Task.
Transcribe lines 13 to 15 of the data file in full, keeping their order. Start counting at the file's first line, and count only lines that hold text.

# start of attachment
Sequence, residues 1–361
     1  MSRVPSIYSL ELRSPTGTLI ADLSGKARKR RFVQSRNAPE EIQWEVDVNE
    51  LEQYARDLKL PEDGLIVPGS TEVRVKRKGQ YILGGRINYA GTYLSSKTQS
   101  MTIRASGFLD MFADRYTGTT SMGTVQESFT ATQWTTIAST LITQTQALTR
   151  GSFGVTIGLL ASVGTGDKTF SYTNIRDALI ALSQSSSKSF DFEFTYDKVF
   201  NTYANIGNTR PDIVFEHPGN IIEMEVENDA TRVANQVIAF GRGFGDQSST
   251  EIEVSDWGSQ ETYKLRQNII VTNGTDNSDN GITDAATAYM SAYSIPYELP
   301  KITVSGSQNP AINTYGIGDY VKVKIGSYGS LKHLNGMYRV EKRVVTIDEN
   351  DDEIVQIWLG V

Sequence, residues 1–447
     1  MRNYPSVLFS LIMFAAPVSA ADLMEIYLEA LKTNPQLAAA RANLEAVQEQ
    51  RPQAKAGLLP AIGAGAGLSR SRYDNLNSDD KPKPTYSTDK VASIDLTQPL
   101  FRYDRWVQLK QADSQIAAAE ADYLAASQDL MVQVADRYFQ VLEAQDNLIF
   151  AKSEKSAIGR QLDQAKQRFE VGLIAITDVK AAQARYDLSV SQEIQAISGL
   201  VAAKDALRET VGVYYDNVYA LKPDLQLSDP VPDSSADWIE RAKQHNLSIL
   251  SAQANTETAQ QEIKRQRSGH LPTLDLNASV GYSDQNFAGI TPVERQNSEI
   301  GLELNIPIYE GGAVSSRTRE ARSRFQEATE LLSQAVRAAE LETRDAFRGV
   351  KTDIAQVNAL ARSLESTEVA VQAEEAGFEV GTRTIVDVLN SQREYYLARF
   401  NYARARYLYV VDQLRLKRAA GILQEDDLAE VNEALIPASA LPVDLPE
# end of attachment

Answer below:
   101  FRYDRWVQLK QADSQIAAAE ADYLAASQDL MVQVADRYFQ VLEAQDNLIF
   151  AKSEKSAIGR QLDQAKQRFE VGLIAITDVK AAQARYDLSV SQEIQAISGL
   201  VAAKDALRET VGVYYDNVYA LKPDLQLSDP VPDSSADWIE RAKQHNLSIL